So I’m headed to London to talk to as many people as I can. Why London? Well, it’s a gateway city for perspectives from across the planet. I’ll be talking to people about a wide range of concerns: the health of the global economy; terrorism and security; the Arab Spring; and the changing role of the United States in global affairs. And I’ll be asking the people I meet to think about what an American president can or should do in today’s world. Do they see the job of a US president (and not only the current president) as a protector or as a policeman? Or do some people have little faith in the ability of American presidents to lead the world on the really big stuff, such as climate change?

I’ll meet up with London-based authors and musicians, scholars and scientists, activists and professionals, many of them immigrants, each deeply interested in the U.S. election and its outcome. And I’m going to capture the city in sound too, in all its messy glory, posting the sounds to The World’s stream here on SoundCloud.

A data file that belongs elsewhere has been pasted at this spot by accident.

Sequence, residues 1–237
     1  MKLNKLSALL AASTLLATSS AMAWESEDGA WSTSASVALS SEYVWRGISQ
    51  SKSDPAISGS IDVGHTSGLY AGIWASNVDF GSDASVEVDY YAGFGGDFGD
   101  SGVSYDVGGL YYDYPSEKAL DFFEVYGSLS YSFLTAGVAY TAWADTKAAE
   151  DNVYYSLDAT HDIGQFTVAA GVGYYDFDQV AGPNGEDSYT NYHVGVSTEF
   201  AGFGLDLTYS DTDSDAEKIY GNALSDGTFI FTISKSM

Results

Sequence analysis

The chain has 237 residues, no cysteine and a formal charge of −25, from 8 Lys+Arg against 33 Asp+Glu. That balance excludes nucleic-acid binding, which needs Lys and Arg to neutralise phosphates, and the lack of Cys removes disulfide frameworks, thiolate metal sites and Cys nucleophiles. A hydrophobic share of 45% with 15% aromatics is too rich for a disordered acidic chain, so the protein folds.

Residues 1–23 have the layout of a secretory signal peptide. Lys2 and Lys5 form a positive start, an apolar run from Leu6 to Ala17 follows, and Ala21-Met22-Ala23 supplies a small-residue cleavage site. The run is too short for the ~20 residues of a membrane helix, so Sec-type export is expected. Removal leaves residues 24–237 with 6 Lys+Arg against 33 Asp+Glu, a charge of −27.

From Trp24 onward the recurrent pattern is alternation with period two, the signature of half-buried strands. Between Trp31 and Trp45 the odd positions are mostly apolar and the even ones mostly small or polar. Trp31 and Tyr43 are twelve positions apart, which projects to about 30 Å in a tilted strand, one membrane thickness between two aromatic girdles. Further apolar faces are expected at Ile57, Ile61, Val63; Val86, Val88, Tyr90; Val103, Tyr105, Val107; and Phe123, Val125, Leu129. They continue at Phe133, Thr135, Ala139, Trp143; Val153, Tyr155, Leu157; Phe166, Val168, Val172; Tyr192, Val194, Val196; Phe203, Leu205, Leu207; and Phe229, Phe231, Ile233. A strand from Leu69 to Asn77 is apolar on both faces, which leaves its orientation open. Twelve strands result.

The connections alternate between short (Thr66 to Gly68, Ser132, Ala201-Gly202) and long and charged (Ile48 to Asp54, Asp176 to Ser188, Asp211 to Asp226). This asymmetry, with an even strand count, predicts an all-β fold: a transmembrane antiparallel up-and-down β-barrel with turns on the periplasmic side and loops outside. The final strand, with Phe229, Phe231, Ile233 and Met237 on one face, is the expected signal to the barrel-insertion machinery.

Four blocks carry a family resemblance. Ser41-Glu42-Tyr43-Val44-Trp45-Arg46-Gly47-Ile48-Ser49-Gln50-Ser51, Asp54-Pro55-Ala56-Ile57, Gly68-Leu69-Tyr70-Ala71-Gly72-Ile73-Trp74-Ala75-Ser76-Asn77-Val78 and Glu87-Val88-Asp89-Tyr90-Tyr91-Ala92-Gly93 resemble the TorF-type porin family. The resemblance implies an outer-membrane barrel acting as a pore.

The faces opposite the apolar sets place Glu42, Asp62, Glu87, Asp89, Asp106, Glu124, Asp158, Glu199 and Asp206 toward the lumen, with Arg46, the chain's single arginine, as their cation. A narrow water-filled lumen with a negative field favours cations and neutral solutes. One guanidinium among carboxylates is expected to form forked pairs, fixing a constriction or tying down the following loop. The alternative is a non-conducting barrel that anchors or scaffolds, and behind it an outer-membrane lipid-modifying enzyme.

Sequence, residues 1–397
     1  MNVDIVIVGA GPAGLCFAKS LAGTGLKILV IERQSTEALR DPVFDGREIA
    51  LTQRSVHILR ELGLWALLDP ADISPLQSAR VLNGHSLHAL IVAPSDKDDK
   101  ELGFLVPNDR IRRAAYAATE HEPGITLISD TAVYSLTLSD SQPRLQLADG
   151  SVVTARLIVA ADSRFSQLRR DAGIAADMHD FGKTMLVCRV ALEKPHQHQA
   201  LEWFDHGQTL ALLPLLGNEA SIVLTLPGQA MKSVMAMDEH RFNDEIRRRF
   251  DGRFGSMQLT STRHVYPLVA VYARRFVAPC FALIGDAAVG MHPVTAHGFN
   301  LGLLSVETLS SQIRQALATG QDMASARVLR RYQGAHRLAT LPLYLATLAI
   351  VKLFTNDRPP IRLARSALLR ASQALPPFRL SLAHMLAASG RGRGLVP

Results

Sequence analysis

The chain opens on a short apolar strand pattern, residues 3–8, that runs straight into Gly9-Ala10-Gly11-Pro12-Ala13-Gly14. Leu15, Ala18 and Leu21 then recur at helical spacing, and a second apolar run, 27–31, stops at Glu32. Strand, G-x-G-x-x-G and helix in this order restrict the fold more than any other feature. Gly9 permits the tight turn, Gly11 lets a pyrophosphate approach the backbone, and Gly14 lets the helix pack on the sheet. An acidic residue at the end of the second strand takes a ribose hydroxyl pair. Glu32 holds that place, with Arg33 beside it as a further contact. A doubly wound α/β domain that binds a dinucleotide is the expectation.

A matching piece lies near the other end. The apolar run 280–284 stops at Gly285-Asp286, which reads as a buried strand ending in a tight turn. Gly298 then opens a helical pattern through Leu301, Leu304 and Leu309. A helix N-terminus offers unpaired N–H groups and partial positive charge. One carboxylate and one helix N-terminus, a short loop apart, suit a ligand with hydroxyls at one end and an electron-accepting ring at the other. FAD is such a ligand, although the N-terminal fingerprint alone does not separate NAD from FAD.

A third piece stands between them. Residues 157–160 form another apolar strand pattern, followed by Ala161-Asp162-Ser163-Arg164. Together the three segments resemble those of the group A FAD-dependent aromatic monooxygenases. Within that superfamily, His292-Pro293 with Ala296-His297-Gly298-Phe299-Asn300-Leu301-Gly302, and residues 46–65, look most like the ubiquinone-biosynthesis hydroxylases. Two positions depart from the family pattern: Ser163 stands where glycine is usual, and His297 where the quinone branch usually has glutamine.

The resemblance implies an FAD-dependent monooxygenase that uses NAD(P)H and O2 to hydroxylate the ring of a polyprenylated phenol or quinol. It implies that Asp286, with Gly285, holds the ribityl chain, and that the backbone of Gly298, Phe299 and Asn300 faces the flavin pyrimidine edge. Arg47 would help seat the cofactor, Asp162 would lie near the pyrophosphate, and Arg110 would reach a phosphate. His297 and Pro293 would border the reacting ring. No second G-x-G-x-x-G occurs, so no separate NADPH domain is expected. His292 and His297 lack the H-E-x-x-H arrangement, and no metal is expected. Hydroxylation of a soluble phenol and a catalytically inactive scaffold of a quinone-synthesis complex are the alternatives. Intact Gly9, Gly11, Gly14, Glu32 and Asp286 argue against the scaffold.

I’ll chat with European commuters as they step off the train from France; take the pulse of London’s much-maligned banking centers; and visit Speakers’ Corner, the historic epicenter of free speech in Britain. I’ll also spend time at New Broadcasting House in central London, talking with journalists from the BBC’s dozens of language services.

But I want to hear from you, too. I want to know how you see the US presidency–the whole institution of the American presidency as it relates to the world. I want you to think more deeply than just telling me who you’d prefer as the next president, Barack Obama or Mitt Romney. Instead, tell me what you think about the American presidency. How would you sum it up? How much is an American president responsible for things that go on in the world outside the United States of America?